Douglas G. Wilson douglas at NB.NET
Thu May 3 06:57:20 UTC 2001

>... (Englishspeaking people seem to have difficulties in understanding
>that in languages like German, Swedish, Danish, Norwegian or Finnish, the
>letters "ä, ü and ö" signify vowels in their own right - Finnish for
>example does not know any "umlaut" at all) ...

Talking about orthography here, and not so much linguistic history,
phonology, etc. ....

Are "é", "è", "ê" in French also "vowels in their own right"?
Theoretically, there is no reason one could not consider them so: they
often distinguish words, they often distinguish sounds ....

Is "æ" in Danish simply an equivalent of "ae" (as it is in modern English,
I think) or is it a "vowel in its own right"? Theoretically, one could take
the Danish vowel as an alternative way of writing "ae", or one could assert
that there is an uncommon vowel "æ" in English ....

The test I would use: how are these treated in native dictionaries, etc.?
I.e., how do native users alphabetize things? The Danish dictionary uses an
alphabet a, b, c, ..., z, æ, ø, å, so apparently Danes consider "æ", "ø",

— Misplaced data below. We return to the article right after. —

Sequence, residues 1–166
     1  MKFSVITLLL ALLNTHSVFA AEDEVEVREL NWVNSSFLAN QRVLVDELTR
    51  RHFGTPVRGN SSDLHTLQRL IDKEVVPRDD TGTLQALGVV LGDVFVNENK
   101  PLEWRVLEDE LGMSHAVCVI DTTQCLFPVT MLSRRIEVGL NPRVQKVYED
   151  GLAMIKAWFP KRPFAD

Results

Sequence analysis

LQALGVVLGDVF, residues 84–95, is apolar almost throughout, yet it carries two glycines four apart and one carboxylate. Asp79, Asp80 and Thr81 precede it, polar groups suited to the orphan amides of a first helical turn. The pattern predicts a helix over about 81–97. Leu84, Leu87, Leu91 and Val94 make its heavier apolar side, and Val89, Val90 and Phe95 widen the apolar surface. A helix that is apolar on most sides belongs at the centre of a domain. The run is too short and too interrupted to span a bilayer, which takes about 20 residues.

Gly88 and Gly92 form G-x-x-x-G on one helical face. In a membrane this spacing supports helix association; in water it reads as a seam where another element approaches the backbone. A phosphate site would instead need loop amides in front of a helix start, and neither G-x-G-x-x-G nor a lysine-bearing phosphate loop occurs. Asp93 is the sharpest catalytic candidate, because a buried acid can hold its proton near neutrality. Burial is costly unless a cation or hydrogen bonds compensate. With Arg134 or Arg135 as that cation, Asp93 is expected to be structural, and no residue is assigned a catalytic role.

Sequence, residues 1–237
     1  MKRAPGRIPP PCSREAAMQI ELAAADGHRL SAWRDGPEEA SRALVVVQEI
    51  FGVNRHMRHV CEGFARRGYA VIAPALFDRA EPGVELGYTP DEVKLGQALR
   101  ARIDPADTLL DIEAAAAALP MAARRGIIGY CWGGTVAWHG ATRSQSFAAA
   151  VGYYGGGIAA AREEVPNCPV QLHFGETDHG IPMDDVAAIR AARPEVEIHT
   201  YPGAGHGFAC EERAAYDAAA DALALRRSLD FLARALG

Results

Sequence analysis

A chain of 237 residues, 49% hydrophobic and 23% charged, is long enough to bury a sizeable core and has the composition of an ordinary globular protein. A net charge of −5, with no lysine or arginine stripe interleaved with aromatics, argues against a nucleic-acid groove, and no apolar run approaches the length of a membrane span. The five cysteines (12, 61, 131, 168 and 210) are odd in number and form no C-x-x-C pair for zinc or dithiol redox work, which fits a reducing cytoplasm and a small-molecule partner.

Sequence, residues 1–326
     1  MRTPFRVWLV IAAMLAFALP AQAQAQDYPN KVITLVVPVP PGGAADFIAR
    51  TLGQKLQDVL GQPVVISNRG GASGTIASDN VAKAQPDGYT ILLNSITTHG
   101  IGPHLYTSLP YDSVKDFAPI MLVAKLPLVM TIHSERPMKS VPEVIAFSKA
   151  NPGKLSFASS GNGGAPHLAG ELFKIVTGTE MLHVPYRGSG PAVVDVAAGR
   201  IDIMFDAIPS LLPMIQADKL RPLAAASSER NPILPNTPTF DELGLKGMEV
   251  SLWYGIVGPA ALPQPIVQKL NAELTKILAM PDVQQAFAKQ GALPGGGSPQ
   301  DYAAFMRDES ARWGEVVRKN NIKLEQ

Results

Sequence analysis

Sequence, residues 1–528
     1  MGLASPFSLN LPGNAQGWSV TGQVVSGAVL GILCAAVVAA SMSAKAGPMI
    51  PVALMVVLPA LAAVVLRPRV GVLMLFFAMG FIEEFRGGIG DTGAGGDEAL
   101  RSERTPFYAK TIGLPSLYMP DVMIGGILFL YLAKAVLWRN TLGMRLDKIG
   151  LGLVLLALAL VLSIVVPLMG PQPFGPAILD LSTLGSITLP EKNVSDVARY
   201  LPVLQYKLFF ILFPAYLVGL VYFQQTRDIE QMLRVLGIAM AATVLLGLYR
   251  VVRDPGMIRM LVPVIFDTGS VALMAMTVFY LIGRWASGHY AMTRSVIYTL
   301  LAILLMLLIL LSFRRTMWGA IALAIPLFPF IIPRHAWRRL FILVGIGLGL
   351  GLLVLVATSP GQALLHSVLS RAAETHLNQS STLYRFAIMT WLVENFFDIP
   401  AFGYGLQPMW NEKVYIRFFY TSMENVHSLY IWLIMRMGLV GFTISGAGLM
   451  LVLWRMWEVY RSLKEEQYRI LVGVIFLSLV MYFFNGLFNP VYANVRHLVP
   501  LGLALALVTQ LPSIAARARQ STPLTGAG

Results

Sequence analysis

"å" to be distinct letters. Swedish is similar. But the German dictionary
does not distinguish "a", "o", "u" from "ä", "ö", "ü" respectively in the
ordering of entries, so I would say that Germans consider an umlauted vowel
to be a form of the naked vowel, rather than a "vowel in its own right".
Similarly the French dictionary ignores diacritical marks in ordering --
there's a section for "e", but none for "é" -- so Frenchmen apparently
consider the marked "e"s to be forms of "e" rather than separate letters.
[Maybe there are other dictionaries which do things differently, but this
is my experience.]

Others can propose their own tests ....

Finnish is different, of course, with "a" <--> "ä", "o" <--> "ö" [, "u"
<--> "y"] on the basis of "vowel harmony" rather than ablaut as I
understand it, but -- as in German and Scandinavian -- the pair of dots
characterizes a fronted vowel which often has a systematic relationship to
the unfronted naked version; e.g., "a" in an inflectional suffix becomes
"ä" when the suffix is attached to a word containing front vowels. So is
Finnish "ä" a form of "a" or a separate letter? My answer: look in a
Finnish dictionary and see whether these are distinguished in alphabetization.

In German or Finnish or Romanized Chinese the pair of dots generally
denotes frontedness, so I think the term "umlaut" -- referring to the
*orthographic* feature -- is satisfactory (assuming one is speaking *in
English* about these languages), taking the more superficial sense of the
word "umlaut". In French or Spanish or English the pair of dots generally
denotes not frontedness but separateness, so I think "dieresis" is the
correct term. In some other cases -- e.g., "ë" in Russian or in "Brontë",
promiscuous dotting in rock-group names or H. P. Lovecraft -- I don't know
what is correct ... but I would say "umlaut". (¨^_^¨)

-- Doug Wilson

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